Rembrandt Harmenszoon van Rijn. Until recently, when I would hear somebody mention Rembrandt, only one thing came to mind, “Oh yes, the artist.” That was all I knew: Rembrandt was an artist in another place at another time. Then I took a class at The Getty Center titled, “Becoming Rembrandt: Exploring The Man, The Myth, and The Legend.”
Beneath the surface of every creation, whether music, writing, or art, there are always stories. Sometimes these stories aren’t apparent, but every so often they jump out at you immediately. This is the case with Rembrandt’s paintings. Take one glance at one of his portraits and you immediately get the feel of the person depicted in a few strokes of Rembrandt’s brush. The next time you are viewing a painting by Rembrandt, see if you can determine the subject’s story; are they happy or sad, impatient or incredulous, hopeful or hopeless? Likewise, Rembrandt’s personality seems to jump right off the canvas into the room, inspiring us to ask: “What was he thinking as he painted? What were his feelings towards the person or people? Did he know the subject well?” These questions are often easily answered, by carefully observing the painting.
Rembrandt was a famed artist, even in his own time. Today he is one of the most famous artists in the world. Very few people are known to the world by their first name, but Rembrandt is, and has been for centuries. And yet it is not commonly known that humankind teetered on the edge of never knowing Rembrandt, “the artist.”
At the age of eight, Rembrandt began his education at a Latin school in his hometown of Leiden, The Netherlands. He was the only one of his nine siblings to go to school, but as he showed signs of high intelligence, his parents had hopes of him entering the government. Rembrandt continued pursuing his education until the age of fifteen, when his parents happened to espy his artistic abilities. They decided to obtain him an apprenticeship with an artist. Rembrandt later used his education in Latin in his paintings. He signed one of his portraits with a solitary “f” underneath his name. This is thought to represent the Latin word “facit,” which translates to “made by.” Hence, “Rembrandt made by,” or “made by Rembrandt.”
It is lucky that Rembrandt was able to find an apprenticeship. Most boys began their art training around the ages of eight or nine, never fifteen, as Rembrandt was. Because of his late start, Rembrandt had to learn quickly; there was not much time to spend perfecting everything, learning every little technique. Some art scholars believe it is because of this limited amount of time spent on training that Rembrandt’s paintings look freer than other artists’ of his time, who tried to make their paintings as smooth and perfect looking as possible. Is it possible that because he had already been drawing for years before beginning his formal training, he paid less attention to rules?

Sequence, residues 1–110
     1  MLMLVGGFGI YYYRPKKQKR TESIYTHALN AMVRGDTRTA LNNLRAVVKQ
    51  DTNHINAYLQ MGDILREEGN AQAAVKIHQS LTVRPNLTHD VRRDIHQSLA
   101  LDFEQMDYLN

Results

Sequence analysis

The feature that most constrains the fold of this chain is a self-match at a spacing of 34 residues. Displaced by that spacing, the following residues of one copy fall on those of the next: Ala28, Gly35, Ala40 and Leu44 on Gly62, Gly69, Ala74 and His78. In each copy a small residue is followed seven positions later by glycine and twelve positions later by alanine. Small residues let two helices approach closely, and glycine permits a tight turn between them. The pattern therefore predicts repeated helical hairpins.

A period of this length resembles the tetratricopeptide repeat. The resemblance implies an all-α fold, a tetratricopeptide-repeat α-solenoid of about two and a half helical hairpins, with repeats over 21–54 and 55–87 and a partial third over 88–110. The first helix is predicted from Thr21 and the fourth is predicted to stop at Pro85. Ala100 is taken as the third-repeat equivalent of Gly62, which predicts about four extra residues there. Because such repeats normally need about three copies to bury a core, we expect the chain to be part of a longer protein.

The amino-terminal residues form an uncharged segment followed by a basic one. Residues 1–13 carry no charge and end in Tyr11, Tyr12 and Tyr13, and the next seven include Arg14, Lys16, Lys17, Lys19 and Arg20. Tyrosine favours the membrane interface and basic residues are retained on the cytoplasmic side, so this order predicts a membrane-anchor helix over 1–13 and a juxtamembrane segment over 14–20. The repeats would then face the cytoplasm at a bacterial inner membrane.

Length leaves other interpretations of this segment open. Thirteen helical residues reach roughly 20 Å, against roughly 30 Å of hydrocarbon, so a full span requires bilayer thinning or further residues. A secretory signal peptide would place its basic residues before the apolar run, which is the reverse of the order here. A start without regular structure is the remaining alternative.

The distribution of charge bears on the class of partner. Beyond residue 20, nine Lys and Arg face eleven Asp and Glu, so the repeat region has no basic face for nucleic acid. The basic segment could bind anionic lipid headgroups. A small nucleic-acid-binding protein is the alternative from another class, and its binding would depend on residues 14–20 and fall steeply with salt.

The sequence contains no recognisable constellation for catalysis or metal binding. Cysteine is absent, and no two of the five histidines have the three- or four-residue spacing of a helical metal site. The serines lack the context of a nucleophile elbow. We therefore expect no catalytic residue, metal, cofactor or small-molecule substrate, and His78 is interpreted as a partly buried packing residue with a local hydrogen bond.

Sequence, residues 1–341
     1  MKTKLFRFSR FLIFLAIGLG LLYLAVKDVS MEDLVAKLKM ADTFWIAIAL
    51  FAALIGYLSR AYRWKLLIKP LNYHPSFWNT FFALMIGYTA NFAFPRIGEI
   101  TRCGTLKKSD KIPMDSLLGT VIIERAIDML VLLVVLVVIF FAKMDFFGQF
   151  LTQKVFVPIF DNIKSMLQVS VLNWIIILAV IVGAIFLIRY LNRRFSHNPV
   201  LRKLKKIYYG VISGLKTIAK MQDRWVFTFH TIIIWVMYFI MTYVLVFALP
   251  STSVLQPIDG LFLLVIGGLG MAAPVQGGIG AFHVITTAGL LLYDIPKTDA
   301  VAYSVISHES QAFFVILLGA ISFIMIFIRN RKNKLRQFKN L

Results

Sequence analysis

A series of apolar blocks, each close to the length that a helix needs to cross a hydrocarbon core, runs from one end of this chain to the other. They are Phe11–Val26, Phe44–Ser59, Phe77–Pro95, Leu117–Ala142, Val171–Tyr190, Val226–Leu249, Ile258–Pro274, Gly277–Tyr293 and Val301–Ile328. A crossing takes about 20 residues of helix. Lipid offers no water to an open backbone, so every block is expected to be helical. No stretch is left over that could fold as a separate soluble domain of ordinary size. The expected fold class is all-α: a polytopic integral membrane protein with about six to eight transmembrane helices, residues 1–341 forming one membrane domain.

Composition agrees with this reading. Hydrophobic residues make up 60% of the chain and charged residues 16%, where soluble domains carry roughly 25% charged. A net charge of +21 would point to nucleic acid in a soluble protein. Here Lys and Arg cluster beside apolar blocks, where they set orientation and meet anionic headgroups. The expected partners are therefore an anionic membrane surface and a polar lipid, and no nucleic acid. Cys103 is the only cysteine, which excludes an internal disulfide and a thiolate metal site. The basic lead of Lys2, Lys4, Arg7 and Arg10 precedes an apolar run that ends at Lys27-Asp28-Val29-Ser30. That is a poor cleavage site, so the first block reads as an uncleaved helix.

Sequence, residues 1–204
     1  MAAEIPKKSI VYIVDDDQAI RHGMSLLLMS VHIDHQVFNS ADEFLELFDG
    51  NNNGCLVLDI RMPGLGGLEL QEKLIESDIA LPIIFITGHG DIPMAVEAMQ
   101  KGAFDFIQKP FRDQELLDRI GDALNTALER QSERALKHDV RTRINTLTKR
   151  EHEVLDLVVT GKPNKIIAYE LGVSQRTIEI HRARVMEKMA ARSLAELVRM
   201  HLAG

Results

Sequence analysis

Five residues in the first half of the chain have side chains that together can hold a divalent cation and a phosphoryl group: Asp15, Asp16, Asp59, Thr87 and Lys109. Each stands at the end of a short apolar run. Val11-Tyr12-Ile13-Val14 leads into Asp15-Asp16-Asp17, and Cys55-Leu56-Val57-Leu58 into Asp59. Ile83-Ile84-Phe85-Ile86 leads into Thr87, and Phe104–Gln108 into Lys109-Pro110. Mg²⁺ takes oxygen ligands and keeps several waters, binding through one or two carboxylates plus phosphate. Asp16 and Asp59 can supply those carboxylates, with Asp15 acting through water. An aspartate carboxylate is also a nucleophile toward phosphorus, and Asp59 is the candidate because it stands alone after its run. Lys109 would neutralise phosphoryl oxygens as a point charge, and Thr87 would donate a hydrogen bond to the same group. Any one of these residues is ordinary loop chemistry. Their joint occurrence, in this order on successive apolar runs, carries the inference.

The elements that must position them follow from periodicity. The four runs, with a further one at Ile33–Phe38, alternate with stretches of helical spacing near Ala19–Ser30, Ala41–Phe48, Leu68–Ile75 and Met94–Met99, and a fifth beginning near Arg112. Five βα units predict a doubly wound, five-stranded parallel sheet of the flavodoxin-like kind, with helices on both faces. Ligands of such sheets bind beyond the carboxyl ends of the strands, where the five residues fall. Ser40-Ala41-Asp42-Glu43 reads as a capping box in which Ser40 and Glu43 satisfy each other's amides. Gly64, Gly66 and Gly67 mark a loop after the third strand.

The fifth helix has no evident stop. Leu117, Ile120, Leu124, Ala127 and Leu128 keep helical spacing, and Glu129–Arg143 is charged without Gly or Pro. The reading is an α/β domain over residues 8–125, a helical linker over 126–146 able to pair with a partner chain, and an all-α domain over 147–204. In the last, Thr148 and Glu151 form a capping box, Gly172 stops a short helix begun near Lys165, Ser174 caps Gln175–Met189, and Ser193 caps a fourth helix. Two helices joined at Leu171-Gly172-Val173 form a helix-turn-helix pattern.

His freeness certainly gives his paintings a human, thoughtful, emotional, and realistic look. In short, Rembrandt’s paintings are quite brilliant. Apparently, Rembrandt thought so too, for in one of his self-portraits as a young man, he looks so self-confident and sure of himself, it comes as no wonder that he was called a “know-it-all.” He actually lost himself a very important patron due to his overly high self-esteem.
Rembrandt went on to become an art instructor himself, married, bought himself a large house, and began to over-spend. His money started to run low, and in 1656, all of his belongings, including his paintings, began being auctioned off, leaving him penniless for the rest of his life; Rembrandt died in 1669. In Rembrandt’s later self-portraits, his sadness and despair is clear in his eyes.
Rembrandt wasn’t just a painter, he was a person and through his paintings he was a storyteller. Still, more and more is being discovered about Rembrandt. We will never know everything about him; he didn’t write diaries or letters, but maybe Rembrandt’s idea of a diary is different than most peoples. Maybe Rembrandt’s diary is his collection of paintings. — Natalie
P.S. Make sure to read my mom’s new post “Seeing Something That Hasn’t Been Seen for 400 Years” to learn about an amazing new Rembrandt discovery.